The recent explosion of social media and the computerization of every aspect of economic activity resulted in the creation of big data: mountains of mostly unstructured data in the form of web logs, videos, speech recordings, photographs, e-mails, and tweets. In a parallel development, computers kept getting ever more powerful and storage ever cheaper. Today, we have the ability to reliably and cheaply store huge volumes of data, efficiently analyze them, and extract business and socially relevant information. This course brings together several key information technologies used in manipulating, storing, and analyzing big data. We look at the basic tools for statistical analysis, R, and key methods used in machine learning. We review MapReduce techniques for parallel processing and Hadoop, an open source framework that allow us to cheaply and efficiently implement MapReduce on Internet scale problems. We touch on related tools that provide SQL-like access to unstructured data: Pig and Hive. We analyze so-called NoSQL storage solutions exemplified by HBase for their critical features: speed of reads and writes, data consistency, and ability to scale to extreme volumes. We examine memory resident databases and streaming technologies which allow analysis of data in real time. We work with the public cloud as unlimited resource for big data analytics. Students gain the ability to design highly scalable systems that can accept, store, and analyze large volumes of unstructured data in batch mode and/or real time. Acquired techniques could be profitably used in a variety of fields. (4 credits)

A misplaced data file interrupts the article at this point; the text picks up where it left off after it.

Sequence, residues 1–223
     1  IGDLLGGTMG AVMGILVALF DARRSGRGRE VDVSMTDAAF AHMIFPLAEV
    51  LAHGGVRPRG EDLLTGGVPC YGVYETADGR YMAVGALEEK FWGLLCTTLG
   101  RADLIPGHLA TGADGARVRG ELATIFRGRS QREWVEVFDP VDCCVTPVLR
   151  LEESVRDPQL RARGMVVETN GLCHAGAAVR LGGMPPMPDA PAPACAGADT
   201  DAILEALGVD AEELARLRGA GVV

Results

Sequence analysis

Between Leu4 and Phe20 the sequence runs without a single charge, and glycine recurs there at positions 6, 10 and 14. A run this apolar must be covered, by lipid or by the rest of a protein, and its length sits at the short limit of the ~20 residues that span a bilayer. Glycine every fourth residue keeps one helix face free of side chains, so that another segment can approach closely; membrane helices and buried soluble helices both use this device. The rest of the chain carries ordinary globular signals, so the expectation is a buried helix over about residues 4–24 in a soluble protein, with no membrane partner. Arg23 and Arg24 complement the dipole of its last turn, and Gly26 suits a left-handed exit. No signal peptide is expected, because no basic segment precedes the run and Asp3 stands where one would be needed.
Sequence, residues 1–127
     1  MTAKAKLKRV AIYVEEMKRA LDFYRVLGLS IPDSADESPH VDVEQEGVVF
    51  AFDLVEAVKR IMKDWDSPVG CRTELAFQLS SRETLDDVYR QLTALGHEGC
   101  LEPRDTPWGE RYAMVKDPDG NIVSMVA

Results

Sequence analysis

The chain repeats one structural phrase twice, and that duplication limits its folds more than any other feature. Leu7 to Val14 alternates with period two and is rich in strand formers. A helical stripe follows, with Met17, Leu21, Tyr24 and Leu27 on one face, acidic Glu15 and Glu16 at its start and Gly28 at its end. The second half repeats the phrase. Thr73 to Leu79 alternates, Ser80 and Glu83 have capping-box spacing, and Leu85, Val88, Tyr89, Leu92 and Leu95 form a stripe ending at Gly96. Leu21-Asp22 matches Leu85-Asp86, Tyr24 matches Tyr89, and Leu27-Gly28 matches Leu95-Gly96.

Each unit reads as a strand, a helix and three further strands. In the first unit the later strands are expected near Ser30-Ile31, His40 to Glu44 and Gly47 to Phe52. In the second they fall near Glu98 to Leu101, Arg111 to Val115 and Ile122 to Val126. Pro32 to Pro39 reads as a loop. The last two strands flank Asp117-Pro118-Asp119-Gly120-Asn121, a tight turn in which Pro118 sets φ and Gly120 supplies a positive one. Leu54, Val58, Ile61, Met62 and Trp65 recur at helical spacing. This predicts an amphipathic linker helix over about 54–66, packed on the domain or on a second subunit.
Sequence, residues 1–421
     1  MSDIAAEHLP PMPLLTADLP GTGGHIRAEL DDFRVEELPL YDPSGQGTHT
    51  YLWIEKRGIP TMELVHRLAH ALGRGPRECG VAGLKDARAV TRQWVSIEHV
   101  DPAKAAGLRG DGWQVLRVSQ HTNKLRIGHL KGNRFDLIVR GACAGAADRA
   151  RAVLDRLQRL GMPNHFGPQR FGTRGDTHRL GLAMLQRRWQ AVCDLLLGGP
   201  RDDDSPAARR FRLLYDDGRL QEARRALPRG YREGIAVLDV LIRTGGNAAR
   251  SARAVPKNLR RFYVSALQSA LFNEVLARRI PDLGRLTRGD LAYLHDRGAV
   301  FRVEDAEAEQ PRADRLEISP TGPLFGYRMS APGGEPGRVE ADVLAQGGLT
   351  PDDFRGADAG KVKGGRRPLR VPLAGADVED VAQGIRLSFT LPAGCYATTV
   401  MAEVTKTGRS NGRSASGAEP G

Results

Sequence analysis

knowledge of Java.
Zoran B. Djordjevic, PhD. Senior Enterprise Architect, NTT Data, Inc.
Fridays beginning Jan. 30, 5:30-7:30 pm. Optional sections to be arranged.
Course tuition: noncredit $2,200, graduate credit $2,200.